Submitted April 5, 2017
Certified Report by the Board of Professional Conduct of the
Supreme Court, No. 2011-072.
J. Drexel, Disciplinary Counsel, and Stacy Solochek Beckman,
Assistant Disciplinary Counsel, for relator.
Montgomery, Rennie & Jonson, L.P.A., and George D.
Jonson, for respondent.
1} Respondent, Scott Clifford Smith of Pepper Pike,
Ohio, Attorney Registration No. 0039828, was admitted to the
practice of law in Ohio in 1988. In August 2011, relator,
disciplinary counsel, charged Smith with multiple violations
of the Rules of Professional Conduct and the Disciplinary
Rules of the Code of Professional Responsibility, arising
from his alleged use of unethical billing practices and
charging of excessive fees in five separate cases involving
three clients who operated nursing homes in Ohio.
2} The Board of Professional Conduct found that
Smith engaged in the charged misconduct, and it recommended
that Smith be indefinitely suspended from the practice of law
and required to make restitution to his former firm, which
had issued substantial refunds to the affected clients. After
this court remanded the cause to allow for additional
discovery, see Disciplinary Counsel v. Smith, 143
Ohio St.3d 325, 2015-Ohio-1304, 37 N.E.3d 1192, ¶ 15, a
panel of the board conducted a second hearing and issued a
report reaffirming its original findings and recommending the
3} Smith objects to the board's findings and
recommended sanction and argues that (1) the findings are
based on insufficient evidence and are against the manifest
weight of the evidence, (2) his former firm and clients
thwarted his attempts to obtain discovery after this court
remanded the cause for that purpose, thereby depriving him of
due process, and (3) the ethical violations found by the
board do not support the recommended sanction.
4} For the reasons that follow, we sustain
Smith's objection to the recommended sanction but
overrule his remaining objections. We adopt the board's
findings of fact and misconduct and find that a two-year
suspension from the practice of law and an order that Smith
pay $20, 796.50 in restitution to his former law firm is the
appropriate sanction in this case.
History and Findings of Fact and Misconduct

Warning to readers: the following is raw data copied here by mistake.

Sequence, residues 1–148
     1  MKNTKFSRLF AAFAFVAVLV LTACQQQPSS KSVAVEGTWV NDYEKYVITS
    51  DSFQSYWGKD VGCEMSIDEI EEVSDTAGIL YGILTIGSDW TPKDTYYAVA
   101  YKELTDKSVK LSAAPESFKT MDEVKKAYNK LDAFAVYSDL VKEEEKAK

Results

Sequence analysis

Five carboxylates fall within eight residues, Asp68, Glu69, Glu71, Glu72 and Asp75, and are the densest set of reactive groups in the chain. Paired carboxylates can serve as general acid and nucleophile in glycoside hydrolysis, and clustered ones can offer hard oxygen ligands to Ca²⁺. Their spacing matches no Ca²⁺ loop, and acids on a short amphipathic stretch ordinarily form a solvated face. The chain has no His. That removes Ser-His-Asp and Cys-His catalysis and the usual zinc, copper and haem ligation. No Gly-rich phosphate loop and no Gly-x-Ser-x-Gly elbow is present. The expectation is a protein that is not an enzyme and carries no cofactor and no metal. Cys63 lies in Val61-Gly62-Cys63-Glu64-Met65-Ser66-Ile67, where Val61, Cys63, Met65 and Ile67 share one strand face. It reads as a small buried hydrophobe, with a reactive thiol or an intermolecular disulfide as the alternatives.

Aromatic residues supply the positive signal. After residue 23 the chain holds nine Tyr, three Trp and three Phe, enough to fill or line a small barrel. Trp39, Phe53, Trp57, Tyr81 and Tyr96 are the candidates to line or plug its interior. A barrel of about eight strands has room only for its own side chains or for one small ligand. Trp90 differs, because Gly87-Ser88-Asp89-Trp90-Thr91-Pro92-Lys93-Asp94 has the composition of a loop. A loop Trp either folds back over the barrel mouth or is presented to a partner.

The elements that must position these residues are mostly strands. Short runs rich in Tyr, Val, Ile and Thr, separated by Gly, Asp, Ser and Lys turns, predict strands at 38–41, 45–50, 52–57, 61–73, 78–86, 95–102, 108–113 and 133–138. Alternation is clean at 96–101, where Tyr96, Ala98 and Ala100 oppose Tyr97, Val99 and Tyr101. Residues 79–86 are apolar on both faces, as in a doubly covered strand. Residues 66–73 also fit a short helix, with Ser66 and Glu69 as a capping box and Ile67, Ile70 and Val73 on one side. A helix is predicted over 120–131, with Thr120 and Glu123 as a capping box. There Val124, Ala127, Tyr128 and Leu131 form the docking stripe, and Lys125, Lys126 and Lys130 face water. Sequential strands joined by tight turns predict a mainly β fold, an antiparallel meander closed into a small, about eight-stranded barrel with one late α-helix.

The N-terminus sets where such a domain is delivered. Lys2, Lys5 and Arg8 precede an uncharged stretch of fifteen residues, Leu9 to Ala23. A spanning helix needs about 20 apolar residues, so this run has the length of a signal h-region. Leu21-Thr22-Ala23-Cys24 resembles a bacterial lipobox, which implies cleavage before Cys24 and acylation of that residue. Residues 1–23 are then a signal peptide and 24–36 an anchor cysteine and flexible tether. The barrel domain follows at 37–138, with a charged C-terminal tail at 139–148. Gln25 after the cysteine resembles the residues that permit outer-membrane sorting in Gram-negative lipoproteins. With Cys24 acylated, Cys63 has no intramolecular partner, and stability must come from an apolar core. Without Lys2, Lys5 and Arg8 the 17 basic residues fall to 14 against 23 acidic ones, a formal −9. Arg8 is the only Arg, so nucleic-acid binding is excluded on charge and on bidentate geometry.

5} Smith joined the law firm of Weston Hurd, L.L.P.,
in 1989, became a partner in 1996, and served as the
firm's managing partner from 2004 or 2005 until his
resignation in 2007. In March 2007, a member of Smith's
practice group informed partner Victor DiMarco that Smith had
altered firm billing records to take credit for work that
DiMarco had performed as an associate at the firm. DiMarco
reviewed the billing records and alerted the firm's
management committee of apparent irregularities. The firm
commenced an internal investigation into Smith's billing
practices and, on the advice of outside ethics counsel,
reviewed the billing records in five of Smith's cases:
Seigmund v. Edgewood Manor Nursing Home, Ottawa
County Court of Common Pleas case No. 06-CV-087; Maxey v.
Altercare of Canton, Stark County Court of Common Pleas
case No. 2006-CV-03231; Lawson v. Altercare of Wadsworth
Ctr. for Rehabilitation & Nursing Care, Inc., Medina
County Court of Common Pleas case No. 05-CIV-0980; Hanson
v. Valley View Nursing & Rehabilitation Ctr., Summit
County Court of Common Pleas case No. CV-2005-03-1379; and
Heppner v. Beverly Enterprises-Ohio, Inc., Lake
County Court of Common Pleas case No.
05-CV-002059. Smith participated in the investigation to
some degree but resigned after the firm informed him that it
would be contacting his clients about the billing
6} As part of the investigation, the firm examined
the bills for 88 cases involving the three clients at issue,
identified the suspicious entries in each bill, and met with
the clients to discuss their findings. The firm reduced the
questionable time by 50 to 60 percent and ultimately issued
refunds totaling more than $350, 000 to the affected clients.
The firm also filed the grievance that gives rise to this
7} In the resulting disciplinary complaint, relator
alleged that while Smith was employed by Weston Hurd, he
billed work as his own though it had actually been performed
by another attorney, billed time in excess of the time
actually spent on particular tasks, billed for work that was
never performed by anyone at the firm, and billed multiple
cases and clients for identical services and time on the same
8} The board found that Smith's billing
narratives were false and that in some instances, his billing
practices resulted in clearly excessive fees. The board also
found that Smith acted in direct conflict not only with his